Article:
Thailand is often referred to as a golden land, not because there is precious metal buried underground but because the country gives off a certain lustre, be it the fertile rice fields of the central plains, white sandy beaches or the warm hospitality of its citizenry.
Thailand’s cool season runs from November until the end of February. With its low humidity, relatively low temperatures and clear skies, the cool season is the best time to visit, though regular days of high 20s and low 30s might leave you wondering just who came up with the term ‘cool’. It is also the peak tourist season, so expect lots of new friends at the more popular spots like the islands and major towns.
First introductions are made in Bangkok, a modern behemoth of screaming traffic, gleaming shopping centres and international sensibilities interwoven with devout Buddhism. Chiang Mai, the country’s bohemian centre, is where the unique and precise elements of Thai culture become a classroom, for cooking courses and language lessons; while climbing into the mountain ranges around Mae Hong Son you’ll find stupa-studded peaks and villages of post-Stone Age cultures. Sliding down the coastal tail are the evergreen limestone islands of Ko Tao and Kho Phi Phi, filled with tall palms angling over pearlescent sand. Thailand’s beaches are stunning, hedonistic and mythic among residents of northern latitudes.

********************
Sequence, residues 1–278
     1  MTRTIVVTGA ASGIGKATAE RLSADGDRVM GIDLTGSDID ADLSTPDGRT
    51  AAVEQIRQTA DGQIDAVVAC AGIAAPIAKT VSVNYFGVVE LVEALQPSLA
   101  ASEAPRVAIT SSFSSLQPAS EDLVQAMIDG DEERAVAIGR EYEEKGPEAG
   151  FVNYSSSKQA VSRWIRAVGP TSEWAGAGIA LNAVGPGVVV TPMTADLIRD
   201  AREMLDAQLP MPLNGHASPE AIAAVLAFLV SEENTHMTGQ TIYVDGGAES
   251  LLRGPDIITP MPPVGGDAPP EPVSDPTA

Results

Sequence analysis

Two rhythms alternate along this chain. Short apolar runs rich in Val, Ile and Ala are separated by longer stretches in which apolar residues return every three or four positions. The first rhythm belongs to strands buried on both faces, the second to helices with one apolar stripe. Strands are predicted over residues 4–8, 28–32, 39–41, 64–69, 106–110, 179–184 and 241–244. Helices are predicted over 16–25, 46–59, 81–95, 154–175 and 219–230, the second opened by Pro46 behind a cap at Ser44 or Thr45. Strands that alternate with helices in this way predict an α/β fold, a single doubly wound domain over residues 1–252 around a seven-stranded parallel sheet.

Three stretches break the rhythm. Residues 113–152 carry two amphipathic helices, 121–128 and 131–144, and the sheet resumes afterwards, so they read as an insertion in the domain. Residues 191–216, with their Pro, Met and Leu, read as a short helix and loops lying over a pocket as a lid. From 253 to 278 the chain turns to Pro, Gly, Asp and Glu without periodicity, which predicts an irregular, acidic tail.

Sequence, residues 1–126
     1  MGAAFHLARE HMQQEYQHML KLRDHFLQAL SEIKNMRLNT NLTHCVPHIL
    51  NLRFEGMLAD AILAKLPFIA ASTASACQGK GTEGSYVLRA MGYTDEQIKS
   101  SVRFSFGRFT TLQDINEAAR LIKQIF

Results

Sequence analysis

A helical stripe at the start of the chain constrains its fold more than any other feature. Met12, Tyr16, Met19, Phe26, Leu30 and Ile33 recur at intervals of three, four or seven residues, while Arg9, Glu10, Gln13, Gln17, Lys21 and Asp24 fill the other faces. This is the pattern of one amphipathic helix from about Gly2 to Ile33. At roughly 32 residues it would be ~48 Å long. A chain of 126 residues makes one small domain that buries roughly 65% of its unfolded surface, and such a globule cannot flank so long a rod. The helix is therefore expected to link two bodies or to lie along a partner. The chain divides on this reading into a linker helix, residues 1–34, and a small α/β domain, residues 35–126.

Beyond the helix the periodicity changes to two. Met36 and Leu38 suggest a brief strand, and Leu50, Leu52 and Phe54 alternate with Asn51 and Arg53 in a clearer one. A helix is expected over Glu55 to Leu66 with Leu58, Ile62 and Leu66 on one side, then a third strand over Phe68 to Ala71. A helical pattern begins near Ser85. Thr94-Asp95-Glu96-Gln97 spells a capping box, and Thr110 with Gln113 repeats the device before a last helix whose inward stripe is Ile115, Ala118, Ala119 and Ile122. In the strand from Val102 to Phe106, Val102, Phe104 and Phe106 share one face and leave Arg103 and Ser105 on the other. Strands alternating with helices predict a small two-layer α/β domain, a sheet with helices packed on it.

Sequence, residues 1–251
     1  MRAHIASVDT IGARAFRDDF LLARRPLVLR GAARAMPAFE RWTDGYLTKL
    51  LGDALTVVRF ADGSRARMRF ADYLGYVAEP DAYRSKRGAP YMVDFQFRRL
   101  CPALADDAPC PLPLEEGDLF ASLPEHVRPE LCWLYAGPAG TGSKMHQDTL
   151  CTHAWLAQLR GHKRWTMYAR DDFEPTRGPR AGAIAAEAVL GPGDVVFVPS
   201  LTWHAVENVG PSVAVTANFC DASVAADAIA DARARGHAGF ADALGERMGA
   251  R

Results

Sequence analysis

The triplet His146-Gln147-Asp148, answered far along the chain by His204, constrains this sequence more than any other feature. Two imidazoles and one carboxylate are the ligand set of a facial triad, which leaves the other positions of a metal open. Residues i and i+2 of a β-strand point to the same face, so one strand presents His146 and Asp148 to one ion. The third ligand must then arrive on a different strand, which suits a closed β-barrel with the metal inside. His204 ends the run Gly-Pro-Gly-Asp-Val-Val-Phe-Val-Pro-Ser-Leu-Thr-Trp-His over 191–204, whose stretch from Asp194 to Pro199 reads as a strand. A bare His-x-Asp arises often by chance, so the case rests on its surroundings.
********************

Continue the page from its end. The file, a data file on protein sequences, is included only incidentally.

People come here as miners: first perhaps for the uniquely Western concept of R&R. And while they toast themselves to a bronze hue on the sandy beaches, they find in the daily rhythm of Thailand a tranquillity that isn’t confined to vacation time. The northeast is a region better suited for homestays and teaching gigs than quick souvenir snapshots: here, you can dive deep into the Thai psyche, emerging with a tolerance for searingly spicy food and a mastery of this strange tonal language. Welcome to a life-altering experience disguised as a holiday.